How to Review a Photograph

Whether you are reviewing one of your own photographs or some one else’s, there are certain rules of thumb that should be followed. The steps below offer a step by step approach to reviewing photographs and possibly offering advice.

1. Categorize the piece to a particular type: portrait, landscape, nature, wildlife, action…etc. Yes there is a difference between nature and wildlife photography. The point is to narrow it Into disrepute to a certain type. There are different expectations for different types.

2. Was lighting used effectively? Different lighting techniques are used for different types of photography. Is the shot too dark? Is there washout (whites are too bright)? Was indirect lighting used if it was a portrait? Direct lighting on portraits can flatten facial featjres.

3. Determine what the subject of the photograph is. Viewers shoupd not have to guess what the subject is. If the subject is not clear then there is not much point in going very deep in the review.

4. Notice the techniques that were used to bring out the subject. Was a narrow depth of field used to blur the background and foreground while keeping the subject in focus? Was the subject moving during the shot? Were techniques used to show motion?

There are many techniques thhat can be used to bring attention to the subject. Are any Exact techniques noticeable? Should a different technique have been used?

5. See if there is aything in the shot that unnecessarily distracts from the subject. Is there something in the baclground thatt draws your eye away from the subject? Photographers should make sure that there are no distractions in the viewfinder before releasing the shutter.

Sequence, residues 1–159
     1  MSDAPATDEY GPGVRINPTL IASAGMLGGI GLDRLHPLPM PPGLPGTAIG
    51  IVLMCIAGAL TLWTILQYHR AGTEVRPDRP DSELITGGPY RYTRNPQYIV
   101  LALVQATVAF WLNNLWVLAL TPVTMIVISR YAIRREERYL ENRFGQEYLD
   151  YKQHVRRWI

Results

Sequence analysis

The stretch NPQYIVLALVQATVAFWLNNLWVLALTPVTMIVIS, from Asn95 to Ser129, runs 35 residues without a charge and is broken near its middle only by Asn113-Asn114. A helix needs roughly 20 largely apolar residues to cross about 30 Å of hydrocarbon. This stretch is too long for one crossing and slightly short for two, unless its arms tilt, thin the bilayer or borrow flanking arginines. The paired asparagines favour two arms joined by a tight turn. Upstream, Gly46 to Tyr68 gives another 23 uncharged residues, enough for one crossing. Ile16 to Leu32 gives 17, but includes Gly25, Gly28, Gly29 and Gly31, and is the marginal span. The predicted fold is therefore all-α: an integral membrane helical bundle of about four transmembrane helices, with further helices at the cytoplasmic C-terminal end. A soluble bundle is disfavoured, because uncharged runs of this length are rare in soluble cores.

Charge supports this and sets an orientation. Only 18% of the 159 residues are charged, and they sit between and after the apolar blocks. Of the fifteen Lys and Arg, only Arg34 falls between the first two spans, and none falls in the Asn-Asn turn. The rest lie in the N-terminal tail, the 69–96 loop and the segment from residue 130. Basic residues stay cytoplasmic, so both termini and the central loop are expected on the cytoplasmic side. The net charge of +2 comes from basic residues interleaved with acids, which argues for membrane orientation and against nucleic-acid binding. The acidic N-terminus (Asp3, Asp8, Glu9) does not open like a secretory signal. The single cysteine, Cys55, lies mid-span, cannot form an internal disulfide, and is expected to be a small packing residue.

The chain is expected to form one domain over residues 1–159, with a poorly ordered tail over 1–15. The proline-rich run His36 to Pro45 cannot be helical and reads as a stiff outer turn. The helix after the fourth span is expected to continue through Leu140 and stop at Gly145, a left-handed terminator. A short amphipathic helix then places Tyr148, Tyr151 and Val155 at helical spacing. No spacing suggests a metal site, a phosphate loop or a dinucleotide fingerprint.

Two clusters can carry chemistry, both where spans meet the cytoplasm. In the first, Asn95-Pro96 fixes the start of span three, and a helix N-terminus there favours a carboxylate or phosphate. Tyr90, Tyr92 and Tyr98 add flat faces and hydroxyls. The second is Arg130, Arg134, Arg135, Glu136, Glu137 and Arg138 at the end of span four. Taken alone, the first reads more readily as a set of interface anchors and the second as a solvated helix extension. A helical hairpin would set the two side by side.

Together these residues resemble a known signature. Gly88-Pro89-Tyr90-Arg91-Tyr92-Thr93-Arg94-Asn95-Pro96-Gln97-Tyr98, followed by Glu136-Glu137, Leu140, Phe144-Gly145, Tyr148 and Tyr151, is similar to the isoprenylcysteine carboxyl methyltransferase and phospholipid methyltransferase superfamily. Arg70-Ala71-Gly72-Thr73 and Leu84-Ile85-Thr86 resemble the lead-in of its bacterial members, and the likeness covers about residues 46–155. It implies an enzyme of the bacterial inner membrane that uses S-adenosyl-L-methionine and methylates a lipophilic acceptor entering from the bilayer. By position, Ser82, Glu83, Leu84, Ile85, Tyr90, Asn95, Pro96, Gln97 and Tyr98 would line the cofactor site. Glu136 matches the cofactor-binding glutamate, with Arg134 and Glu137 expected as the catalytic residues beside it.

6. The final step in reviewing a photo is to develop a personal opinion. Do you like the picture? Why or why not? If it is your shot, what shoul you do differently next time… if anything? If it is someone else’s, would you hace taken a different approach?

If someone wants you to review their photograph, do so. Give them your honest opinion, with constructive criticism if necessary.

The more photographs that you review the brtter prepared you will be for different photographic opportunities.

When the water and oxygen are not circulating freely in lakes and ponds, these bodies of water become stagnant. The layers become more and more defined. Oxygen and warm water accumulate on the top layer. Cold water and a lack of water accumulate on the bottom layer. Then, all of a sudden, things can turn topsy-turvy. A summer storm can come with a downpour of cold rain. The rain descends to the bottom of the lake and stirs up the stagnant water that is oxygen-poor and sends it to the surface. This abrupt action by nature can cause fish kills.

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